It must grieve dead composers that their symphonies and concertos are regarded by the masses as perfectly suited for background music. The compositions worthiest of analysis go not only unanalyzed but almost unheard, merely filling awkward silence in elevators and waiting rooms, or setting a mood for sipping cocktails or making love. Subtlety and complexity in art sadly tend to undermine themselves. They cost more labor with less effect. They are hard to notice, in proportion as they are hard to create.
The more I read old books, the more I discover the source of the thoughts in new books. No writer is absolutely original. Every writer's ideas are mostly recombinations of others' ideas. A novel book is a novel amalgam of previous books. Still, great and mediocre writers differ in how fully they fuse and transform their borrowed materials. A mediocre book has the consistency of vegetable soup. The still-visible chunks of others' thoughts soak in the watery broth of the writer's own voice. The writing follows no recipe except to throw in every desirable dish, which produces an undesirable dish. The book has no identity, through having too many. Great books are like vegetable juice. The blender of genius liquefies the ingredients of prior reading into a uniform drink, with a texture and taste no single part possessed. Out of many flavors comes only one, the author's. Lesser writers emulate what they read, great writers assimilate it—merging masterpieces into a masterpiece.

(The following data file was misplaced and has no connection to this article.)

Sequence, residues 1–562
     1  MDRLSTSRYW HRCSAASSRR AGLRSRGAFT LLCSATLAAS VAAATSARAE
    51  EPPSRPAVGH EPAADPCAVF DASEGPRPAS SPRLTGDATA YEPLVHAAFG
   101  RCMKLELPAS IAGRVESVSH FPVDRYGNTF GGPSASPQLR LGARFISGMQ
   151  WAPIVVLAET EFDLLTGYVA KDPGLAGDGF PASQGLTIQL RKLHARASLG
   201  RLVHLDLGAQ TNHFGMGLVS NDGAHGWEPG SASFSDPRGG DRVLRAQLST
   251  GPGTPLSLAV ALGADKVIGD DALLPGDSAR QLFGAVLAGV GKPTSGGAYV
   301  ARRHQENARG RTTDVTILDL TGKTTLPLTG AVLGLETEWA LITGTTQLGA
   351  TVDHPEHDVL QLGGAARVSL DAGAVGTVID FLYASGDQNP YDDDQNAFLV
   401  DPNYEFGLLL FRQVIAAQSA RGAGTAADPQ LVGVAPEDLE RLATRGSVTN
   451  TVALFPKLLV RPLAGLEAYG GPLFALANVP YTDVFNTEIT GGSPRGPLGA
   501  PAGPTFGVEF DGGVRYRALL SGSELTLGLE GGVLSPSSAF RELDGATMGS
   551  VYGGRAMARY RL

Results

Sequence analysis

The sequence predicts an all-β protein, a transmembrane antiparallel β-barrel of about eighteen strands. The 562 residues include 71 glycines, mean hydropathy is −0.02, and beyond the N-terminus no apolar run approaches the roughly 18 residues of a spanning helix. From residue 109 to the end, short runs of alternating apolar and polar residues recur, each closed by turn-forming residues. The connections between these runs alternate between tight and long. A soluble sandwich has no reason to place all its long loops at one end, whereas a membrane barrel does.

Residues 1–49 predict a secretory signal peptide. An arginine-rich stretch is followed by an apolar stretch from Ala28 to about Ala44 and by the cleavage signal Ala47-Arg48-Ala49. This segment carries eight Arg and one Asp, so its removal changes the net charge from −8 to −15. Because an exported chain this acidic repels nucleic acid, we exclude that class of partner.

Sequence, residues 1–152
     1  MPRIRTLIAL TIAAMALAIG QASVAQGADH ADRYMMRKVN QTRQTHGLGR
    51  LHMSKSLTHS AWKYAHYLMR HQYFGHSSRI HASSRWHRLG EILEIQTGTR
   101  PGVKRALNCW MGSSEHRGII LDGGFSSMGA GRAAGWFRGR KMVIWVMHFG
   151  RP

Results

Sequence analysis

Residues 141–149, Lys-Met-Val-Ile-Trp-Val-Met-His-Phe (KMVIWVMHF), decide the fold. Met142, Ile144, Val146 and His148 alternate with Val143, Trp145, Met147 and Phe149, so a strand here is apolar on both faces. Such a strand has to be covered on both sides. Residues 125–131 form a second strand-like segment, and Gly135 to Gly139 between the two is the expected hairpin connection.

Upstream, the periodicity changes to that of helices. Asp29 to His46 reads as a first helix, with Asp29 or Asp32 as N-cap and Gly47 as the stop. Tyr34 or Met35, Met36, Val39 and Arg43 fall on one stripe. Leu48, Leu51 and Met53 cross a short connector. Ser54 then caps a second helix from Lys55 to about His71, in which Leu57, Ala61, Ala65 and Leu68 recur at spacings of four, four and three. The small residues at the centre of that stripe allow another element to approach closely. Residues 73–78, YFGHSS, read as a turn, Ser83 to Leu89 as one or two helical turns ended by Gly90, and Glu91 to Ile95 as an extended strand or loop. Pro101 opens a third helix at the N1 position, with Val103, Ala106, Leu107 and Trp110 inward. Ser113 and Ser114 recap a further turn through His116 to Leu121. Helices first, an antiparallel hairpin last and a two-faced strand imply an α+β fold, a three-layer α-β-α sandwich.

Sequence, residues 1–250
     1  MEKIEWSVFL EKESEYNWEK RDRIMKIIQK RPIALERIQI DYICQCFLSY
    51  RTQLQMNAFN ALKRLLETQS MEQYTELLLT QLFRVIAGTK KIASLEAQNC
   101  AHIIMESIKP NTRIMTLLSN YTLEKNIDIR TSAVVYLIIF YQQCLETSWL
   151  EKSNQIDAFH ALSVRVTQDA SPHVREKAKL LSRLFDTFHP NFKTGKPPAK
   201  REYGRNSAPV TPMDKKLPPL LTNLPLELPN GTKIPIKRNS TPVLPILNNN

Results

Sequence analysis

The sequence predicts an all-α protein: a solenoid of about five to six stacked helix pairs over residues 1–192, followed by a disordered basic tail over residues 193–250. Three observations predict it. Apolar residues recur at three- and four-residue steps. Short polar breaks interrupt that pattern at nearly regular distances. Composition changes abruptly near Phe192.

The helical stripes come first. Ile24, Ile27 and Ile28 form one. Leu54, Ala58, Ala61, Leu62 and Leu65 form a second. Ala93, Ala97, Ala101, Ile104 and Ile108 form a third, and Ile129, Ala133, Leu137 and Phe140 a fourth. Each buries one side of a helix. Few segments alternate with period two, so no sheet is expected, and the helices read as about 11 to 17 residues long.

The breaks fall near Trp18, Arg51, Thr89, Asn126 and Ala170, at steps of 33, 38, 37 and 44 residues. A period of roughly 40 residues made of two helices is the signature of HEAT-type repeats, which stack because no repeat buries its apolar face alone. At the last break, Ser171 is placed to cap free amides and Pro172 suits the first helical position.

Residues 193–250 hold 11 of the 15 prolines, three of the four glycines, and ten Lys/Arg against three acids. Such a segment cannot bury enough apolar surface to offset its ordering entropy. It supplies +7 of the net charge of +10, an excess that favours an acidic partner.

For the young, music is an intimation of life. Each sonata or concerto cracks, but does not fully open, the door to worlds not yet experienced. The violin, singing of unknown desires, stirs desire. The cymbals' crescendo resounds with heights of elation not yet relished. The bass drum booms a cryptic proclamation of great events—happening where? For the old, music is a memoir of life. The buried strata of past experience, loosened by the mysterious psychoanalysis of sound, erupt into consciousness. Sorrows and joys which played singly through time now harmonize into a grand symphonic impression of the tremendousness of living. Must not the brittle self shatter to have been poured so full of experiences?
In a concert hall, the girl in bloom closes her eyes and imagines all she may be, while beside her the wrinkled widow closes her eyes and remembers all she has been.
Young writers are often guilty of contriving passion. They begin their work in earnest, but then they overstep the limits of their real feelings, adorning their hard-won experiences with borrowed ideas in the hope of enhancing the impact, yet actually diminishing it. Nevertheless, this youthful erring toward artifice and overextension is rooted in genuine ardor. Because young writers feel so impassioned, they try too hard to impassion their readers. Should not the reader then forgive this falseness born of authenticity?
Mr. Stanley’s Aphorisms and Paradoxes are outstanding examples of the long-form aphorism... inevitably studded with discrete individual aphorisms that could easily stand on their own.
-James Geary, author of The World in a Phrase: A Brief History of the Aphorism